Scottish £161 million EuroMillions lottery winner spent $50 million in eight years before death

Mar 28, 2023, 4:50 pm (4 comments)

After the Big Win

Jackpot winner spent over $130,000 per week

By Kate Northrop

A Scottish lottery winner of a £161 million (US$249.9 million) EuroMillions jackpot spent hefty a chunk of his fortune within eight years on luxuries and charitable acts before he died.

Colin Weir was Scotland's biggest lottery winner and had the purchase history to prove it. Over the course of eight years prior to his death, he burned through $50 million and left a legacy in his wake.

In 2011, Weir and his wife, Christine, instantly became one of the United Kingdom's biggest lottery winners when they scooped up a £161 million EuroMillions jackpot. In the years between his win and his passing at age 71 in December 2019, half of his share of the prize had been spent.

The cameraman-turned-lottery winner spent his fortune in a variety of ways, from luxury cars to buying a 55% stake in his favorite soccer club, Patrick Thistle FC. He bought the share of the company a month before his death so he could donate it to fans and allow the local community to contribute to its future. He would later funnel £2.5 million into team as an additional investment.

He and Christine also helped found the Thistle Weir Youth Academy for budding soccer players, and a section of Firhill Stadium was named the Colin Weir Stand.

Weir was a staunch SNP supporter, having contributed millions to the party and the Yes Scotland pro-independence campaign in 2014, which did not succeed.

After just a ten-minute viewing in 2014, Weir and his wife bought an exquisite £3.5 million (US$2.1 million) furnished mansion called Frognal House near Troon.

He was also an avid horse racing enthusiast and took part-ownership of three thoroughbreds, two five-year-old geldings Knighted and Felony, and winning Irish mare If You Say Run, each priced at around several thousand pounds.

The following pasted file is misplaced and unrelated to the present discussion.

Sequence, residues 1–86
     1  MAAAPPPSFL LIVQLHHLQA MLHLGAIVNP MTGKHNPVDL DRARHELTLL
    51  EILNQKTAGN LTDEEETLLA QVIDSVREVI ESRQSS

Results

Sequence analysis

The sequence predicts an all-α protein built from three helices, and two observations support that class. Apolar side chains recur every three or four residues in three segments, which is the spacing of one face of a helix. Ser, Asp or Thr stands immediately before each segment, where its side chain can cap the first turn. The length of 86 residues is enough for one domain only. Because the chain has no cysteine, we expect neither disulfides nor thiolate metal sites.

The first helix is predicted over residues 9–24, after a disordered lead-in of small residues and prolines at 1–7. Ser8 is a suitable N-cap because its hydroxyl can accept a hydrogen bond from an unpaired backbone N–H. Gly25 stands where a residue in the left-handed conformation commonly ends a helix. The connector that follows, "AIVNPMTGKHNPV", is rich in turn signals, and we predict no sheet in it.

While countless lottery winners have used their prize to get away from it all and escape to a remote place, Weir said that they had no desire to get up and leave town and instead opted to use their winnings to help bring themselves closer to others.

"We didn't want to go away and live on a small island with no contact with the people who are important to us," Weir had said.

The couple spent £5 million (US$7.76 million) buying houses for close friends, setting up scholarships for hopeful students, and donating to local soccer teams, a nursing home, and sports center. Rather than sell their former £220,000 (US$341,540) home, they gifted the house to a young mother who lived next door with her parents.

Up next on their laundry list was to buy five homes each valued at £230,000 for friends in a new development, and Christine bought new properties for every one of her five siblings.

They then bought a four-bedroom home settled on 23 acres of garden and wilderness in Largs for £850,000 (US$1.3 million), which they later sold to an overseas trust for £1.4 million (US$2.08 million) in 2016.

The Weirs engaged in a multitude of charitable acts, having set up the Weir Charitable Trust to fund projects promoting health, animal welfare, and promotions for sports and physical activity.

They paid a five-figure amount to help provide a prosthetic leg for 13-year-old Kieran Maxwell, who had lost part of his leg to an aggressive form of cancer. A bright athlete, Maxwell unfortunately passed away aged 18 in June 2017 from Ewing's Sarcoma.

With countless other donations and projects funded by the lottery winners under their belt, there was not a person around them who could not recall the legacy they had left behind in the wake of their kindness.

While the lottery jackpot brought out his philanthropic heart, his health deteriorated for several years following the big win. His 38-year marriage with Christine was also fraying at the edges and they divorced in the summer of 2019.

At age 71, father-of-two Weir died from sepsis and an "acute kidney injury."

"Spending £40 million in eight years takes a bit of doing, but it is likely to have mostly gone into setting up trusts for his family and other interests," a financial expert said of Weir. "What he left behind seems to be a very sensible, safe portfolio."

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Lottery Post Staff



* At least Colin left some serious change on the table after his death. I can appreciate that in a person,  go semi crazy, but not full bore crazy & l don't think he had regrets. That look on Colin's face said it all!

* A Toast to you Colin.

Tony Numbers's avatarTony Numbers

Ya can't take it with ya!


Mr Weir had also invested £50,000 in Premium Bonds, which are very popular in the UK. The US Treasury should follow the UK Treasury's example and introduce similar Bonds. I suspect they would be just as popular in America.

Twenty$straight's avatarTwenty$straight

Quote: Originally posted by Tony Numbers on Mar 28, 2023

Ya can't take it with ya!

I was thinking the same thing.

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